How to Decouple Infrastructure Code from Business Logic in Java

  • Post last modified:July 16, 2022
  • Reading time:3 mins read

Overview

  • As a developer, when we write code to satisfy the business requirements, our code generally can be classified as infrastructure code and main business logic. In infrastructure code, we typically code about exception handling, tracing code, logging, bootstrap code, config initialization code, and so on.
  • These codes take our initial lines of code and make our function lengthier. After writing all the infrastructure-related code, we then write our main business logic. As a Code reader, I would always hate that since I have to read unnecessary boiler-plate code before even getting to the main logic. It unnecessarily increases code read time, and also makes it hard to reach to the main logic.
  • Hence, as a clean coder, I should always write a code that is decoupled. Our infrastructure code should always be taken care of as common code and it should not be bothered inside the main business logic.

Understanding By Example

  • In our feature1 class, we should always see code related to business logic, and any infrastructure-related code should be abstracted from the business logic class and moved to the common class.
  • The best way to achieve such decoupling in java 8 and beyond is using function as a parameter.
  • Let’s say we need to map the input customer object to the user object. So in the main Feature 1 class, I should only write the logic for mapping, and no other boiler-plate code should be present in this class.
  • I will write mapping logic in a separate CustomerMapper class and there I will handle all the null checks or format checks etc. Then I should create a lambda function that takes input as a customer and returns the user as output.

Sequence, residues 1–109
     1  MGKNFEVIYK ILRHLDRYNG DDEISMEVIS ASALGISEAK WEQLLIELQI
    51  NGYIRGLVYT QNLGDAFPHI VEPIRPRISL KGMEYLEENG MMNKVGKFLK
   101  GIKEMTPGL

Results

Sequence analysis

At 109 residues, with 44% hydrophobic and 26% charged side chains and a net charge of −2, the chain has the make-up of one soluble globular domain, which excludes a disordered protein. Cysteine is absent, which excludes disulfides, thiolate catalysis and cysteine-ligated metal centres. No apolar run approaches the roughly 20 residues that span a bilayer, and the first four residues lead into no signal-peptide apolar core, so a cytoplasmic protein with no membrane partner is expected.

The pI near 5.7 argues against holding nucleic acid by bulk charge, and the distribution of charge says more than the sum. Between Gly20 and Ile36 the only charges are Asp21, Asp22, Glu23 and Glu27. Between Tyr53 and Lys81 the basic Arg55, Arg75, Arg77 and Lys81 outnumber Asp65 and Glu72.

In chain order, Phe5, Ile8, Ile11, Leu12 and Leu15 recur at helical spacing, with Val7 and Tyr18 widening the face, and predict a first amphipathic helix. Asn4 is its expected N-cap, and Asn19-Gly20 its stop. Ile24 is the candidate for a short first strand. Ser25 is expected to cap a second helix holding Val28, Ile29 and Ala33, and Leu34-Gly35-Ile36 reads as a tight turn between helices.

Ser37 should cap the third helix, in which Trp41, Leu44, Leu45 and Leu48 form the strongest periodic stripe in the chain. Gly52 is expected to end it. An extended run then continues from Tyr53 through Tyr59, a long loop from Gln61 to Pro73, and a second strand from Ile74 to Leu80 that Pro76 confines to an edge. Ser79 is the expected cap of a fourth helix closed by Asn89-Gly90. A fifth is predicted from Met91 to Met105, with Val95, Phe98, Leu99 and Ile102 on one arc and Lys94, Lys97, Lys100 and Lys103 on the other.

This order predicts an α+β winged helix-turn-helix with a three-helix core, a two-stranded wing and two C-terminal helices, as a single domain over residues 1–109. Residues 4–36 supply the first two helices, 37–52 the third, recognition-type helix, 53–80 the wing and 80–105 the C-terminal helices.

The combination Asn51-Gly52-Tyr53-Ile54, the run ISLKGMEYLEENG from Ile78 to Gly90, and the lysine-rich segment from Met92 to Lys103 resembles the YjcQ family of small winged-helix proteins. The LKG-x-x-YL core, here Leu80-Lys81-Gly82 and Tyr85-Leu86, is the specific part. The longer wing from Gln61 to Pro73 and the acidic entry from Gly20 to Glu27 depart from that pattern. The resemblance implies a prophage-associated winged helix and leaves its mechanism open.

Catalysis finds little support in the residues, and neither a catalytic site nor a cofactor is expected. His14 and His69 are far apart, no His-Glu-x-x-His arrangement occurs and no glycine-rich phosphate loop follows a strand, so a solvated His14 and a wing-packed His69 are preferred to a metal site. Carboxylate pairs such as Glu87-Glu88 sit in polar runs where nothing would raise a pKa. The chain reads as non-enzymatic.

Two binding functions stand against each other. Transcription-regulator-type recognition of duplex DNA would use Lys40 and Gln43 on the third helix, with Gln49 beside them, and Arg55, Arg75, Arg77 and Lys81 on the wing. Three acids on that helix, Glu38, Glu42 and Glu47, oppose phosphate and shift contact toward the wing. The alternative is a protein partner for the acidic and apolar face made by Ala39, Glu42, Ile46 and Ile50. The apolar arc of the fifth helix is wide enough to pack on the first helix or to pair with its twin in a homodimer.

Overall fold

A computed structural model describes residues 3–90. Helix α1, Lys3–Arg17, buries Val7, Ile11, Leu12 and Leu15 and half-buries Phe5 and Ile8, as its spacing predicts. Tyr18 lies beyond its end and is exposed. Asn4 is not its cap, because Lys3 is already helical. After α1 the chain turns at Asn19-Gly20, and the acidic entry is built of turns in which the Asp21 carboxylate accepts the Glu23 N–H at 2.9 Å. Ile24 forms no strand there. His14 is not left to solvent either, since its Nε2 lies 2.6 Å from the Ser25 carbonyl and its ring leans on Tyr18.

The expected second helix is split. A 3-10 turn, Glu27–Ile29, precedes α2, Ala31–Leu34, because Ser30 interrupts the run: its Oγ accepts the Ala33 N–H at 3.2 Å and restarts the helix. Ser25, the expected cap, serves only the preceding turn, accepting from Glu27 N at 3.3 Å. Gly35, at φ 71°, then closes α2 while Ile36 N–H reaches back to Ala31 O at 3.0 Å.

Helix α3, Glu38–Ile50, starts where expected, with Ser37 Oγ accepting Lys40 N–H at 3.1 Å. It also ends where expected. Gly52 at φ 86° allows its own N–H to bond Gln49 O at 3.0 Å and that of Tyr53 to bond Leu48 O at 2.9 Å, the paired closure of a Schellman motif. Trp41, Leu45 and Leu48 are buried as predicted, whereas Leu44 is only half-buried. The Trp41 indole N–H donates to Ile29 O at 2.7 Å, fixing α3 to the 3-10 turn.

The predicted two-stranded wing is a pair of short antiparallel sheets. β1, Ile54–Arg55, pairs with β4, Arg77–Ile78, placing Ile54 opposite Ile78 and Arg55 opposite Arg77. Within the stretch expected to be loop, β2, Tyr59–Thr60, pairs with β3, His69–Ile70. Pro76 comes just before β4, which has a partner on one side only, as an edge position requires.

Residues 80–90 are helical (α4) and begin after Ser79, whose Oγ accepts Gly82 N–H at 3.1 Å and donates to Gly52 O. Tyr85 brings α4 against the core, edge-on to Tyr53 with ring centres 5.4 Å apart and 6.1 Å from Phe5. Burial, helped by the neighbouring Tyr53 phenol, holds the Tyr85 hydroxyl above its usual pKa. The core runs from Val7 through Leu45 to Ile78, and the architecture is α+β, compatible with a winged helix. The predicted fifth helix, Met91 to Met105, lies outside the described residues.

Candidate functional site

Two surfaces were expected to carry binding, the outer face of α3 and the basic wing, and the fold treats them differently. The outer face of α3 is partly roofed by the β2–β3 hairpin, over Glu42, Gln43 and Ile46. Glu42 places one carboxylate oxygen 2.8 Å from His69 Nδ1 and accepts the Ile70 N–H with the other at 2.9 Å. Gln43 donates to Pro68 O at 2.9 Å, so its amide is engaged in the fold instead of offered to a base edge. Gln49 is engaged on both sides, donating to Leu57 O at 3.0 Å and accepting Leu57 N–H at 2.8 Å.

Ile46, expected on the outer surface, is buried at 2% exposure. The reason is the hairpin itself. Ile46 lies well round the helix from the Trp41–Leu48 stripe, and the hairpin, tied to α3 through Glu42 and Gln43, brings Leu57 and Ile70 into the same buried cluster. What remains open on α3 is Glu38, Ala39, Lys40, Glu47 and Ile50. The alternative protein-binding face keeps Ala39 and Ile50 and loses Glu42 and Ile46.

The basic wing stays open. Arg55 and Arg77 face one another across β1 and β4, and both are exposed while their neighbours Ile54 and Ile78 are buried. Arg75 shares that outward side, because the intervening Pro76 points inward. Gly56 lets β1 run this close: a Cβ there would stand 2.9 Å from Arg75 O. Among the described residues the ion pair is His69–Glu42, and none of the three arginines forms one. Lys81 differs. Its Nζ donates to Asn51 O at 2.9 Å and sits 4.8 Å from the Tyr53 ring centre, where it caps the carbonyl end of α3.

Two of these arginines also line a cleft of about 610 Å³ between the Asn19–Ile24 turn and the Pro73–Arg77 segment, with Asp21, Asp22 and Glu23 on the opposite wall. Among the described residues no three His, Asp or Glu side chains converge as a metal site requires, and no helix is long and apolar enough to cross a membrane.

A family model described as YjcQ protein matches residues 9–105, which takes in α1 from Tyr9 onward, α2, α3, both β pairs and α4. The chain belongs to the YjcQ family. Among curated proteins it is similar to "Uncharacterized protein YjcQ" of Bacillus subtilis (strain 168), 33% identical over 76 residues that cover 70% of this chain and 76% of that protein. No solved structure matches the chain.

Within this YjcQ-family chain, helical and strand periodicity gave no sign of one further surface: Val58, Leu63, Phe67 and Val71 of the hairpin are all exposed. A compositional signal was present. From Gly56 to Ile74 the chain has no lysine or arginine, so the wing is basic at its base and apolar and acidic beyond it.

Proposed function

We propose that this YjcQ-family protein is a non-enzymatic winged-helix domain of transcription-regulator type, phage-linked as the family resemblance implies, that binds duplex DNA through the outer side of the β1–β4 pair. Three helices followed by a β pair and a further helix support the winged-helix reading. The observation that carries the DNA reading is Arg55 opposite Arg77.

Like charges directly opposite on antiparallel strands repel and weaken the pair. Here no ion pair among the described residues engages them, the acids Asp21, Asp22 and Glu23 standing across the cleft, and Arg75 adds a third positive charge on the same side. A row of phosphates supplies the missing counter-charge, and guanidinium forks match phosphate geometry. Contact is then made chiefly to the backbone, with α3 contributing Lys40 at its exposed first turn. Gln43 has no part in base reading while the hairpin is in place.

import java.util.function.Function;

public class Feature1 {

    // write logic in main mapper class
    static Function<Customer,User> function = c-> CustomerMapper.mapToUser(c);

    public static void main(String[] args){
        Customer customer = new Customer();
        User user = new User();
        GenericMapper.to(customer, function); // Pass function as parameter
    }


}
  • I should also create a generic mapper that takes Type T as the input parameter and Type U as the output parameter.
    and all the infrastructure-related code such as exception handling, logging, tracing, etc. should be written inside this generic mapper.
  • Now I can pass any function that takes input T and expect output U to this generic mapper function.
import java.util.function.Function;

public class GenericMapper {

    public static <T,U> U to(T input, Function<T,U> logic){
        U u = null;

        // write infrastructure code here
        try {
           u = logic.apply(input);
            return u;
        }catch(Exception ex){
            // exception handling
        }
        return u;
    }
}
  • Now if there is a requirement for Feature2, I only need to write business logic and not the infrastructure code since it’s already taken care of in GenericMapper class.

Conclusion

  • In this article, we discussed how we can use lambda functions to separate infrastructure code and business logic code and make our code cleaner by being nice to our code reader.

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